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The Two-Way
1:53 pm
Tue July 24, 2012

Ghana's President, John Evans Atta Mills, Is Dead

President John Atta Mills at a campaign event in 2004.
Issouf Sanogo AFP/Getty Images

The president of Ghana, John Evans Atta Mills, has died at age 68, the Ghana News Agency reports.

As the AP reports, Mills ran three times for president and finally emerged the victor in 2009, promising to reform the West African country.

The AP adds:

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The Salt
1:43 pm
Tue July 24, 2012

Hold The Ice: Rhetoric Gets Hot Over New York's Big Soda Ban

Originally published on Tue July 24, 2012 2:11 pm

Ever since New York Mayor Michael Bloomberg announced that he plans to ban big sodas from the streets of New York City to address the city's obesity problem, drink companies, soda fans, and libertarians have been wanting to treat him like a Glee kid and give him a big Slushee in the face.

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The Picture Show
1:34 pm
Tue July 24, 2012

The Colorful Days Of Life On The Border

Bruce Berman

Originally published on Tue July 24, 2012 3:28 pm

Editor's note: This is another one of those stories that came to me fortuitously by email. Bruce Berman teaches photography in Las Cruces, N.M., and, like many photography instructors, he has a huge archive of his own. This is just a small selection of his color photographs documenting life in the border town of El Paso, Texas.

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The Two-Way
1:26 pm
Tue July 24, 2012

Feel-Good Photo: Gabrielle Giffords Atop A Mountain In France

Former Rep. Gabrielle Giffords (center) and her husband Mark Kelly (right), at the peak of Aiguille du Midi in the French Alps on Monday. Behind them is mountain guide Vincent Lameyre.
Denis Balibouse Reuters /Landov

After four days of sadly serious news about what happened in Aurora, Colo., here's a photo that may lift your heart.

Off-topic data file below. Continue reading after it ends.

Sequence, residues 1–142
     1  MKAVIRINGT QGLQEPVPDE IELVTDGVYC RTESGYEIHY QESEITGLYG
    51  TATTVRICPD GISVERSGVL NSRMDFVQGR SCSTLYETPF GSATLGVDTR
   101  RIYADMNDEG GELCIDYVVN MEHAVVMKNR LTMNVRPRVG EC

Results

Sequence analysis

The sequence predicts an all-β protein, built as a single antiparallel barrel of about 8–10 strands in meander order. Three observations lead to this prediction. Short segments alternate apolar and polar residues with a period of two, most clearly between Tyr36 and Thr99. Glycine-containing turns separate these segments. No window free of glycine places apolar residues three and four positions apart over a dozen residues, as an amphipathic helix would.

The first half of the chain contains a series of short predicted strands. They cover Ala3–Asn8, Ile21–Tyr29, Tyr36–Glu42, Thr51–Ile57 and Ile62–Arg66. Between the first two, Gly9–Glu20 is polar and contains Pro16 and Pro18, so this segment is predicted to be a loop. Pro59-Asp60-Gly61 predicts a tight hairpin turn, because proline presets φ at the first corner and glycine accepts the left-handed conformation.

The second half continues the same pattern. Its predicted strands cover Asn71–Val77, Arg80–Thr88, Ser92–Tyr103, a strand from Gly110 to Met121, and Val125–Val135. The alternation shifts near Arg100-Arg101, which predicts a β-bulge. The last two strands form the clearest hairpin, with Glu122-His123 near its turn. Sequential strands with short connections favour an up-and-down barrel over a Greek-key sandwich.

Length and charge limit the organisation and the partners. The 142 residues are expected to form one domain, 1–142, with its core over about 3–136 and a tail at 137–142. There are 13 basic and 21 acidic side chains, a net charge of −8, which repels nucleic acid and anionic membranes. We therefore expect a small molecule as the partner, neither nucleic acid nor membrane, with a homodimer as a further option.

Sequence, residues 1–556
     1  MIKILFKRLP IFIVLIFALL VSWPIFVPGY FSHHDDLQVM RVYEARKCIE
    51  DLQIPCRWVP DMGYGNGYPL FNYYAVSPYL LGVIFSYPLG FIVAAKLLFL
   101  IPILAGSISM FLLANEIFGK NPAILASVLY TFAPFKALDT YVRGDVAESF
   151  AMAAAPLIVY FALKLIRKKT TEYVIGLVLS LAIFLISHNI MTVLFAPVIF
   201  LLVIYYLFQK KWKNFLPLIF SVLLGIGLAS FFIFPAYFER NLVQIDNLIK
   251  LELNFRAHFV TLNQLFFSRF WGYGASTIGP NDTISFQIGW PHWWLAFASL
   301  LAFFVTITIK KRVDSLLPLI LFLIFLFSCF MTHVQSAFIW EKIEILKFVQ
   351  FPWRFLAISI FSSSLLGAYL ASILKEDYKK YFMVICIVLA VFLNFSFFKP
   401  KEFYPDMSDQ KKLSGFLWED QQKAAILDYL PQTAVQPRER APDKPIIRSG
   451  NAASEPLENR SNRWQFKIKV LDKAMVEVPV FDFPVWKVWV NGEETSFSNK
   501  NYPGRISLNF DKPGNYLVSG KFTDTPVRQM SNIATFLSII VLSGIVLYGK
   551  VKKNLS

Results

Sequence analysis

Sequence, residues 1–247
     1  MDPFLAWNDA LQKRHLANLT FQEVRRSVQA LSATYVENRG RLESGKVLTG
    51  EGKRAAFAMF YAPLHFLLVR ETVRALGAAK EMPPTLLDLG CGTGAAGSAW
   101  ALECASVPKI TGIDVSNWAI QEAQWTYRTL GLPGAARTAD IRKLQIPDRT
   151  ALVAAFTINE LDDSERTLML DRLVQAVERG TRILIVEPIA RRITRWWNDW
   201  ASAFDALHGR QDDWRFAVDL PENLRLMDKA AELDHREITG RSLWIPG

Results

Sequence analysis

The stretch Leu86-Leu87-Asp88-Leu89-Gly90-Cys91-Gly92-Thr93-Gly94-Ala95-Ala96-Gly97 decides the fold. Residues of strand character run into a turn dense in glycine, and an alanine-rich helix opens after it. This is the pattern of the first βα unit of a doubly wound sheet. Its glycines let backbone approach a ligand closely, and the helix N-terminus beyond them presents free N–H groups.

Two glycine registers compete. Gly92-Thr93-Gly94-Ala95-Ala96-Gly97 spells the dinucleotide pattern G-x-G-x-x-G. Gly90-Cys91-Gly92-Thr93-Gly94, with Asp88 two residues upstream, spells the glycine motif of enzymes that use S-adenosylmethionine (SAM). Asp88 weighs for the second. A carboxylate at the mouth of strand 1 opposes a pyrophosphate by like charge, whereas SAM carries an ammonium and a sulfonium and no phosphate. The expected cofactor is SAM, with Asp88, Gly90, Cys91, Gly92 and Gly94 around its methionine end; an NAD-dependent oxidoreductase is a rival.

Reuters explains that former Rep. Gabrielle Giffords, D-Ariz., rode a two-stage cable car on Monday to the peak of Aiguille du Midi in the French Alps. That's 12,605-feet above sea level.

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The Two-Way
1:24 pm
Tue July 24, 2012

Peg Perego Recalls 223,000 Strollers Due To Strangulation Risk

The models of strollers being recalled.
Peg Perego

Originally published on Tue July 24, 2012 2:16 pm

One child strangled to death and another nearly strangled when their heads were caught between the tray and the seat bottom of their Peg Perego strollers. The Italian company is now issuing a recall for 223,000 strollers that were sold in the United States from Jan. of 2004 and Sept. 2007 and

The U.S. Consumer Product Safety Commission says:

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The Two-Way
1:10 pm
Tue July 24, 2012

Wal-Mart Urgest Retailers To Reject $6 Billion Settlement With Visa, MasterCard

A van covered by a mural sits parked outside a Walt-Mart Super Center in Mexico City.
Dieu Nalio Chery AP

Wal-Mart, the world's biggest retailer, says its peers should reject the $6 billion settlement reached over fees charged on credit card purchases.

As we reported, Visa and MasterCard agreed to pay more than $6 billion to settle complaints from retailers that it prohibited them from imposing surcharges on customers using those cards. Those complaints have existed for years.

The AP reports:

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London 2012: The Summer Olympics
12:49 pm
Tue July 24, 2012

Olympians' Dilemma: 'Starve My Soul' For Ramadan?

Mohammed Ahmed runs at the NCAA championships in June in Des Moines, Iowa. He's representing Canada at the Olympics and had to decide whether to fast for Ramadan this year.
Charlie Neibergall AP

Originally published on Wed July 25, 2012 8:12 am

Mazen Aziz, representing Egypt in the 2012 Summer Olympics, has trained for the 10,000-meter, open-water swim for years. It's a grueling race that can take upwards of 1 hour and 45 minutes, depending on the waves, current or water temperature.

But Aziz is Muslim, and with the Olympics falling during the Muslim holy month of Ramadan, the 22-year-old athlete had to make a choice: be in top physical condition or maintain a primary tenet of his faith.

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It's All Politics
12:25 pm
Tue July 24, 2012

At VFW, Romney Seeks To Dull Obama's National Security Sheen

Members of the Veterans of Foreign Wars look on Monday as President Obama speaks during the group's national convention in Reno, Nev. Republican Mitt Romney was scheduled to speak to the group on Tuesday.
Justin Sullivan Getty Images

Originally published on Tue July 24, 2012 3:23 pm

(Revised @ 3:19 pm ET)

In a result few predicted before he became commander in chief, President Obama exhibits surprising strength with voters on national security issues.